Professor Whitehead once put it like this, “religion is what a man does with his, solitariness", in other words what a man does with his loneliness. Our Lord’s secret of victory over loneliness as given in our text is, “I am not alone, because the Father is with me". Whatever else this may mean, it means that men and women of faith know a sense of divine companionship in every experience and whatever happens to them. This sense of divine companionship has been keenly felt by many of our missionaries. John G. Paton, born at Torthorwald, near Dumfries went to the South Sea Islands» as a missionary to cannibals. When his young wife and baby died, he had to dig their grave with his own hands while the natives stood around. And on that day he records in his diary, “Had it not been for the sense of Christ’s presence, I think I would have gone mad and died beside her lonely grave.” Christina Forsyth lived for thirty years as a missionary in China, in a native village cut off from anyone speaking the English language. When asked if she ever felt the oppresiveness and loneliness of life in a Chinese community, she replied, “Lonely, I am never alone". She knew a keen sense of the divine presence. Like David Livingstone, trusting the promise of Jesus, “Lo I am with you always, even unto the end of the world", while struggling through the fever ridden jungles of Arica.

Secondly, friendship plays a big part in overcoming loneliness.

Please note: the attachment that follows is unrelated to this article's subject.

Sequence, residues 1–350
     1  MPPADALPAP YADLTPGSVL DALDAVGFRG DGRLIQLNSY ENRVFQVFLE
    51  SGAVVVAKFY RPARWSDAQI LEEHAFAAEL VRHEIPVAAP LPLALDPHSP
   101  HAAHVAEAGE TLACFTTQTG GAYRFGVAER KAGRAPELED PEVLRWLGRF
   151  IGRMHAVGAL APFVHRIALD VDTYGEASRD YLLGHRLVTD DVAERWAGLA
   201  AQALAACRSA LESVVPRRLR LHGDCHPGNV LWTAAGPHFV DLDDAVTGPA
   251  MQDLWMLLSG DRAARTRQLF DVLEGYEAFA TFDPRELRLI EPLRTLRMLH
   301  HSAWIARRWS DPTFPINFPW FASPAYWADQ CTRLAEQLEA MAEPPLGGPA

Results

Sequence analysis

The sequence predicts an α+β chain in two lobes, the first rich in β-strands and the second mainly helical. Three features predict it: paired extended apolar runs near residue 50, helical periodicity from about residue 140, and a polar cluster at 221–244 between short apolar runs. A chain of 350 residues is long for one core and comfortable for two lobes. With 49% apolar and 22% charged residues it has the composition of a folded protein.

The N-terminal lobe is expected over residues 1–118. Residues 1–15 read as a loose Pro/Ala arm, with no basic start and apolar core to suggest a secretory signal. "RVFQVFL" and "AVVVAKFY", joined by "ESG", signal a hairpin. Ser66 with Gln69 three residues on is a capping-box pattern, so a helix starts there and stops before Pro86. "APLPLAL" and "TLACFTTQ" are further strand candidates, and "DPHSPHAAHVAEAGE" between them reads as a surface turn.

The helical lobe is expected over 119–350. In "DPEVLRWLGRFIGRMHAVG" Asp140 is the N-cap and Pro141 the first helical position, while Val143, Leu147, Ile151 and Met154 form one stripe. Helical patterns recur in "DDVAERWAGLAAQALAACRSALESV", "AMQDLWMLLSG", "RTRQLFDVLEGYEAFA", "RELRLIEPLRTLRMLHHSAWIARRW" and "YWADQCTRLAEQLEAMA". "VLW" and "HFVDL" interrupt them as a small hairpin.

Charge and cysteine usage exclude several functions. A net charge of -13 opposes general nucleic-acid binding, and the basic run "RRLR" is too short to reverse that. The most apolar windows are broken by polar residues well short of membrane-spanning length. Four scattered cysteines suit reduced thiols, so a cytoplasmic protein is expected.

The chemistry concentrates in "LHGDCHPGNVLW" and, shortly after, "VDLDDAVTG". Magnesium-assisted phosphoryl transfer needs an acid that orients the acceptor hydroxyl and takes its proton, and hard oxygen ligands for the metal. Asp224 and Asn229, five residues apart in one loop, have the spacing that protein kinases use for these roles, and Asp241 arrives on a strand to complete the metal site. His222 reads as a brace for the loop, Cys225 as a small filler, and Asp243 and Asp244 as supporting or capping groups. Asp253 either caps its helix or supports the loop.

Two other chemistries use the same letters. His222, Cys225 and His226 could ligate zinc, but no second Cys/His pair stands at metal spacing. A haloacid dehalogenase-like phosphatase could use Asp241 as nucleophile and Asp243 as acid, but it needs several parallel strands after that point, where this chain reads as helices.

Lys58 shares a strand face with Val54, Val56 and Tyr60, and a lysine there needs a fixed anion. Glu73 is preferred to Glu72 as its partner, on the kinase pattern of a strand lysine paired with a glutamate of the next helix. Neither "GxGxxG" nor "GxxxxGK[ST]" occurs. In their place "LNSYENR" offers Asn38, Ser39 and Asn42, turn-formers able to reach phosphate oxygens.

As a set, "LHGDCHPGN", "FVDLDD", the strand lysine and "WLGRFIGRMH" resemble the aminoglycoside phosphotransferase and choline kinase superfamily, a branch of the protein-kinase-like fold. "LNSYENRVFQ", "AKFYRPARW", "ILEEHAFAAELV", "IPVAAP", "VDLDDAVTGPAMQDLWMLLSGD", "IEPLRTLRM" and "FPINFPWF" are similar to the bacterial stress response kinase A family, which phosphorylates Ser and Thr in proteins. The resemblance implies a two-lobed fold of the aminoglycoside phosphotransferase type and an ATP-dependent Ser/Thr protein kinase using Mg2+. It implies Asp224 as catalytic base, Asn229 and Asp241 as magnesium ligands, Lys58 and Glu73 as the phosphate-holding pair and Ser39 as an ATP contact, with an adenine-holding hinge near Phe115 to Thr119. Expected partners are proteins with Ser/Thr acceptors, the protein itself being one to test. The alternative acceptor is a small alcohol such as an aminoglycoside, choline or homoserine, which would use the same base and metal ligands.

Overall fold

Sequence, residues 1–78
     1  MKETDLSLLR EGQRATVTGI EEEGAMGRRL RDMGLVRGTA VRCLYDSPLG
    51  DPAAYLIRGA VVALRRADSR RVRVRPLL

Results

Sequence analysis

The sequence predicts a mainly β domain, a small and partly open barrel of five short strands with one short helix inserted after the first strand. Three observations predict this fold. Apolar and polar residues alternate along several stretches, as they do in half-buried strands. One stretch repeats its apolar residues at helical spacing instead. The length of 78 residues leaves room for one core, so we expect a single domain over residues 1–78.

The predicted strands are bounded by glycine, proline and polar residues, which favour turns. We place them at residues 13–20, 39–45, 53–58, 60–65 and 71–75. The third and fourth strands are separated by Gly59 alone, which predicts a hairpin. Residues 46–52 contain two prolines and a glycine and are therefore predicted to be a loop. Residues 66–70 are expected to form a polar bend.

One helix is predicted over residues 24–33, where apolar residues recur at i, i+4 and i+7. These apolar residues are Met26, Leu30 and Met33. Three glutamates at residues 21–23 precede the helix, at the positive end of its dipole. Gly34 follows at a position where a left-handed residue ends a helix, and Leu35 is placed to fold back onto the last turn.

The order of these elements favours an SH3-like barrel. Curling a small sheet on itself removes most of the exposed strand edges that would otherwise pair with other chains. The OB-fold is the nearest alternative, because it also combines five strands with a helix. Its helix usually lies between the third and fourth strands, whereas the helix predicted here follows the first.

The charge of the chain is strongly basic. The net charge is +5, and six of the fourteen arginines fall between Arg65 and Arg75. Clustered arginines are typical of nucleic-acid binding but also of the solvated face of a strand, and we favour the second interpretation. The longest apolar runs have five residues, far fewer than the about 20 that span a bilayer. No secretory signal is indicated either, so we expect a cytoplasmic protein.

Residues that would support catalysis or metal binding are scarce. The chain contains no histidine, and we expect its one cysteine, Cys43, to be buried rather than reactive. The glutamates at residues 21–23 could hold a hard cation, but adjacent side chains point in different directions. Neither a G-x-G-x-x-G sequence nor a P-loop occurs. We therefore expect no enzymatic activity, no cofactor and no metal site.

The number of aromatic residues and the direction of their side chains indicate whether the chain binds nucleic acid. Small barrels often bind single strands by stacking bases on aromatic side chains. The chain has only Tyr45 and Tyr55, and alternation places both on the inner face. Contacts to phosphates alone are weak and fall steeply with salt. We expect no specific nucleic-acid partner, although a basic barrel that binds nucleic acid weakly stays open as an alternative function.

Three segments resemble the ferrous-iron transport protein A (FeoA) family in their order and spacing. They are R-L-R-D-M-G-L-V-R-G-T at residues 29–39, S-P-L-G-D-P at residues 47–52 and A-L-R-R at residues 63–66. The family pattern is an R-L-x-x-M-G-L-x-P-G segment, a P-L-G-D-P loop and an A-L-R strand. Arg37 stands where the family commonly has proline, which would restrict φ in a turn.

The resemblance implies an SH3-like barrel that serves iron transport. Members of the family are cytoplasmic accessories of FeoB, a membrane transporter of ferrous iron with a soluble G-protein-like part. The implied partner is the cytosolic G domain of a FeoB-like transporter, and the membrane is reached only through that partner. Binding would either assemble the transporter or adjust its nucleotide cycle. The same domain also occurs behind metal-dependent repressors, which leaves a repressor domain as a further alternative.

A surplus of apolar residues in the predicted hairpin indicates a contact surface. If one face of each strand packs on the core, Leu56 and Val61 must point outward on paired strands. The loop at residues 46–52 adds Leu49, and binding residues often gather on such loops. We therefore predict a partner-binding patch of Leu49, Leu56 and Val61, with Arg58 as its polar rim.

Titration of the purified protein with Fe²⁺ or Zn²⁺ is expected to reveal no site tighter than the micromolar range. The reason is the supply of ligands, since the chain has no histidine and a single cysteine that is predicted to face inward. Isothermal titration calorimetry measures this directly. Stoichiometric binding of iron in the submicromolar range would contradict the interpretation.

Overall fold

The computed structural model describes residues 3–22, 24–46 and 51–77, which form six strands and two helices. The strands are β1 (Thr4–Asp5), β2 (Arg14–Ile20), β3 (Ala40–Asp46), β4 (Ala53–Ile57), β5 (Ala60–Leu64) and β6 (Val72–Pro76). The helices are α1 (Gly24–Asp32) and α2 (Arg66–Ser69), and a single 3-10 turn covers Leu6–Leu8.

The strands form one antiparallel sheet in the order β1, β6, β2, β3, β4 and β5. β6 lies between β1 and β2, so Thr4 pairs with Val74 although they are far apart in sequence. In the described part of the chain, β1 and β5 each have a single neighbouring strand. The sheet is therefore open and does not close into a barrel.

This is why Jesus chose twelve men to be his intimate friends, because friendship helps to relieve a sense of loneliness. And what a wonderful understanding friend Jesus was to those twelve men. And people who help most in dispelling loneliness are people with something of our Lord's gift of friendship. The secret of his friendship was his love for people, and his grace. The New Testament speaks about the grace of Jesus, a word which means charm. Jesus always made people of whatever class feel at ease, never made they feel inferior because they were uneducated or untravelled or even lepers or sinners. And because people felt at ease with him he helped them to rise to higher levels. Canon Dick Shepherd was one of the few London clergymen whom the man in the street knew and loved. And Dick Shepherd once said, “I’m not much of a preacher, but there is only one thing I would claim to be, I’m a good mixer”. And this is what all Church people, should be, not people who are shocked at people critical of people condemnatory, but people who love people and like to help them.